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During sleep your body appears to be inactive. But on the inside, a flurry of activity prepares your mind and body for action. All of this activity occurs during multiple “stages” of sleep that make up one “sleep cycle.” The nature of your sleep is different in each of these stages.
When you first fall asleep, you normally enter non-rapid eye movement sleep. NREM sleep begins with stage N1, a brief stage of light sleep that lasts about 10 minutes or less. A gentle whisper, a soft touch or a slight sound can easily wake you up.
Then you enter stage N2, the second stage of NREM sleep. Your eyes stop moving and your muscles relax. This is followed by the third stage of NREM sleep, stage N3. It is also called “deep sleep” or “slow-wave sleep.” Your brain waves slow down, and it becomes much more difficult to wake you up.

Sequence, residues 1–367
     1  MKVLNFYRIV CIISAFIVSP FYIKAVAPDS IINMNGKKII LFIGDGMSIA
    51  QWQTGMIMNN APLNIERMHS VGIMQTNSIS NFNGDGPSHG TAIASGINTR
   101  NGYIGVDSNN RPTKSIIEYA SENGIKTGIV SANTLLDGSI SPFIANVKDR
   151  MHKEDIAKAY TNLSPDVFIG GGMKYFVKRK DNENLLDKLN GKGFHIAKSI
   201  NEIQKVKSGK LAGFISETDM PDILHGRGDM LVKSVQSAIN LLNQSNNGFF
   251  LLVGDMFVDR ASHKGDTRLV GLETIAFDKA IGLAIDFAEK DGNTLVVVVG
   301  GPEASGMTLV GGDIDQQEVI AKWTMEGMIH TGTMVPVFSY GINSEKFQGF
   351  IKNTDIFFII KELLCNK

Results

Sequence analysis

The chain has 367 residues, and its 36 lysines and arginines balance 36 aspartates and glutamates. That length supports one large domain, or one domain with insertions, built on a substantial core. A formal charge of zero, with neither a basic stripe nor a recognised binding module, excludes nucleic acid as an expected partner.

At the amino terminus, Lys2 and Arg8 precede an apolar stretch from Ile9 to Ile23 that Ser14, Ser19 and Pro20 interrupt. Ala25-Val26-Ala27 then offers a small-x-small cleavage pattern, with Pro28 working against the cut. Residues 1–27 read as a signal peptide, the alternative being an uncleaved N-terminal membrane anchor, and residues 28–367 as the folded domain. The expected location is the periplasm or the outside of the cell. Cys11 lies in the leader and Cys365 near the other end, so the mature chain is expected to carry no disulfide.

Normally, the final stage of a sleep cycle is stage R sleep, which is rapid eye movement sleep – or REM sleep. During stage R sleep, your brain waves move in a fast pattern. While your eyes remain closed, they flicker rapidly.
Most of your dreams occur during stage R sleep. To protect you from acting out your dreams, your brain paralyzes many of your muscles during this sleep stage. This state of paralysis is called “atonia.”
At the end of a sleep cycle, you start over and re-enter NREM sleep. Each complete sleep cycle lasts about 90 to 110 minutes. Most adults will go through about four to six cycles in a full night of sleep.
Children have much shorter sleep cycles than adults. The sleep cycle of a 1-year-old may last about 45 minutes. By 10 years of age, the length of a child’s sleep cycle is similar to that of an adult.